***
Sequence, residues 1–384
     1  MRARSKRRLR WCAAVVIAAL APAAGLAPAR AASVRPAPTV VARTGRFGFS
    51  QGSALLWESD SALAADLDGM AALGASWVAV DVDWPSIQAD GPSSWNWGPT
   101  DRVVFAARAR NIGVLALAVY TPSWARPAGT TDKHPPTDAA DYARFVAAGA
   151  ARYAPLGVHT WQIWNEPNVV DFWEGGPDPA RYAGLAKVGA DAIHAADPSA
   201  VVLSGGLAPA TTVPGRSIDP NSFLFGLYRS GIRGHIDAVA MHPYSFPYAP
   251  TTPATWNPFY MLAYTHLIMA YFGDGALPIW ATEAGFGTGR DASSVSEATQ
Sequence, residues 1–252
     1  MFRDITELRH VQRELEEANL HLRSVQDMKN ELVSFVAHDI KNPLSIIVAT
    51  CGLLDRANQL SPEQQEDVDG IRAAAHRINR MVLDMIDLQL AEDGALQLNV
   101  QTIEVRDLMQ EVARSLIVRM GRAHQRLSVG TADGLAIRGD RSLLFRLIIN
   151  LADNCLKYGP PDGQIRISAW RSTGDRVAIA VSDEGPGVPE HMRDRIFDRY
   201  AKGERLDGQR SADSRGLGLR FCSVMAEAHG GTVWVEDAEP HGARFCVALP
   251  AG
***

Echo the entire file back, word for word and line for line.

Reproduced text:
Sequence, residues 1–384
     1  MRARSKRRLR WCAAVVIAAL APAAGLAPAR AASVRPAPTV VARTGRFGFS
    51  QGSALLWESD SALAADLDGM AALGASWVAV DVDWPSIQAD GPSSWNWGPT
   101  DRVVFAARAR NIGVLALAVY TPSWARPAGT TDKHPPTDAA DYARFVAAGA
   151  ARYAPLGVHT WQIWNEPNVV DFWEGGPDPA RYAGLAKVGA DAIHAADPSA
   201  VVLSGGLAPA TTVPGRSIDP NSFLFGLYRS GIRGHIDAVA MHPYSFPYAP
   251  TTPATWNPFY MLAYTHLIMA YFGDGALPIW ATEAGFGTGR DASSVSEATQ
Sequence, residues 1–252
     1  MFRDITELRH VQRELEEANL HLRSVQDMKN ELVSFVAHDI KNPLSIIVAT
    51  CGLLDRANQL SPEQQEDVDG IRAAAHRINR MVLDMIDLQL AEDGALQLNV
   101  QTIEVRDLMQ EVARSLIVRM GRAHQRLSVG TADGLAIRGD RSLLFRLIIN
   151  LADNCLKYGP PDGQIRISAW RSTGDRVAIA VSDEGPGVPE HMRDRIFDRY
   201  AKGERLDGQR SADSRGLGLR FCSVMAEAHG GTVWVEDAEP HGARFCVALP
   251  AG